Newsletter

October 2017

As we approach autumn we can only hope that the weather improves and everyone can get a chance to finish silage making and harvest. On a practice note after 17 years Emma Hatton has chosen to move on.  Our 2 new vets Conor and George are finding their way around the practice and enjoying the challenges of the varied workload.

We will soon be TB testing some of the herds of cattle within 3 km from the outbreaks at Drigg and at Cartmel, hoping that they will go clear again.  There will also be the usual routine testing of some of your herds during the winter months.  As a reminder to you all, you will have a 2-3 month window in which to get the test done, and we need to test all cattle over 6 weeks intended for or used for breeding.   Please don’t leave it until the last minute to contact us to arrange your test.

As a reminder as we approach winter and the extra workload can you please try and ring us before 9.30 am with any calls you want so we can organise our workload efficiently in terms of time and fuel.  In the last couple of months, we have had an increasing number of calls in the afternoon to animals that have been ill or treated for a number of days necessitating a vet travelling to the same area that they left earlier in the day. We will be making an extra call out fee for these calls due to the inconvenience.  This will not apply to emergency calls such as calvings or staggers.

LIVER FLUKE

LIVER FLUKE has the potential to be a problem this autumn following the wet summer months.   Treatment may be required to prevent sheep dying due to acute disease, where large numbers of immature fluke migrate through the liver causing extensive damage to the liver resulting in sudden death.  The only drug that will kill immature fluke is triclabendazole, but we are finding increasing evidence of it not working properly due to resistance developing. On these farms other products will need to be used, (please contact us to discuss the most appropriate choices) but you should also consider grazing and management strategies to reduce the risk of the sheep picking up an infection.  This may mean not using some of your fields in the high-risk period. Remember any purchased animals are a potential risk to bringing resistant fluke onto your farm and should be dosed on arrival and yarded to prevent them depositing eggs on your pastures.  This is also recommended for worm control.  Ideally, these purchased animals should be kept separate from your own animals for 3 weeks. As well as treating for fluke and worms on arrival, don’t forget scab control, and you should also be checking feet so you don’t introduce footrot, or more importantly CODD (contagious ovine digital dermatitis).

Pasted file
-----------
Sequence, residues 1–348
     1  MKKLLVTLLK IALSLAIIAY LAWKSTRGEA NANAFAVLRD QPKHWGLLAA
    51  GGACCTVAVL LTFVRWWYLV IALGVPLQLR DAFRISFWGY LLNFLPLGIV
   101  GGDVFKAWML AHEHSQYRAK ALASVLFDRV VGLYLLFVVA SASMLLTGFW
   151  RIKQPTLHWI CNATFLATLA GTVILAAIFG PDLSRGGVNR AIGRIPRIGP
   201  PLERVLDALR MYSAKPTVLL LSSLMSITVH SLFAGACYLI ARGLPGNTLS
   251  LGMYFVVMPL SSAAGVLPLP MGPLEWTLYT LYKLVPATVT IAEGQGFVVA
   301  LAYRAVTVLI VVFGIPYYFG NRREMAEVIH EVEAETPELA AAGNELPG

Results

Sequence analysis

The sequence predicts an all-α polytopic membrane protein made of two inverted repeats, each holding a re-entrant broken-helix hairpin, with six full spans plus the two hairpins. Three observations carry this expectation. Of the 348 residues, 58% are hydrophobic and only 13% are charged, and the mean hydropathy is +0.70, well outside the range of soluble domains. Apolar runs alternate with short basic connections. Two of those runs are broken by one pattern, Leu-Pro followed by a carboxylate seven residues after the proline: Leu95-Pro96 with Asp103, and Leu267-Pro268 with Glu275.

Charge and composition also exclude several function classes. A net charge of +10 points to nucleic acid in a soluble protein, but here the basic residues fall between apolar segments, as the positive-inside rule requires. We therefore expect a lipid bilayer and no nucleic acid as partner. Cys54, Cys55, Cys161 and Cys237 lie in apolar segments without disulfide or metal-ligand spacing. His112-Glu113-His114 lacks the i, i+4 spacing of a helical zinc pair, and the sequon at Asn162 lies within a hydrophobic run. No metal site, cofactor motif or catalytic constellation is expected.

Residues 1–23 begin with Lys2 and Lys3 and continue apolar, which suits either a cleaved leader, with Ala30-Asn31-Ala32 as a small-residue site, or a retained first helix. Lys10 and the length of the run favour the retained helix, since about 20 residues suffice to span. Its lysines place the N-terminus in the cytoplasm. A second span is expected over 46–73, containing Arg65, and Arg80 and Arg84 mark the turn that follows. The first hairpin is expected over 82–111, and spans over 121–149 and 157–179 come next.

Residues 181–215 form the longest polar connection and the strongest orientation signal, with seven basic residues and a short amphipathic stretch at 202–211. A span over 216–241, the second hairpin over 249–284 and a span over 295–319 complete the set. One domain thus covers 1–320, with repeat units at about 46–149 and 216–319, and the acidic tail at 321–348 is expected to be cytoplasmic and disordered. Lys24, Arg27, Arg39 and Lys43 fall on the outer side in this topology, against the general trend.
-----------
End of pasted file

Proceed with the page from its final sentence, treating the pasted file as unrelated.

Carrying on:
PNEUMONIA

PNEUMONIA in cattle is one of the major problems we encounter during the autumn, and as you will all know is multifactorial with housing, ventilation, stress and infection all having a part to play—prompt treatment is important in improving outcomes.  Don’t forget lungworm as part of that infectious process and ensure your cattle are treated to reduce any impact this may have on the disease process.   In an ideal world, treatment should be done before housing reducing any impact the dying larva will have on the lungs.  There are a large number of vaccines available to help control disease which will help offer protection against a number of different viruses and bacteria.  Some can be administered up the nose and so immunity will develop much faster than those given by injection.  As with all vaccines, it is better to know which organisms are causing the problem before you start to use them.  Subsidised testing is available from Zoetis, one of the drug companies, which may be useful to help you decide which vaccine to use another time, but may be too late for this year.  If you want to discuss it further then give us a call at the office.

Sheep abortion vaccines are still available in either 20 dose or 50 dose bottles. Enzovax should be available from our wholesalers the next day but Toxovax must be ordered in advance.  The supply issues earlier in the season seem to be resolved but we generally need 1-2 weeks to get it for you, and it needs to be used within 7-10 days.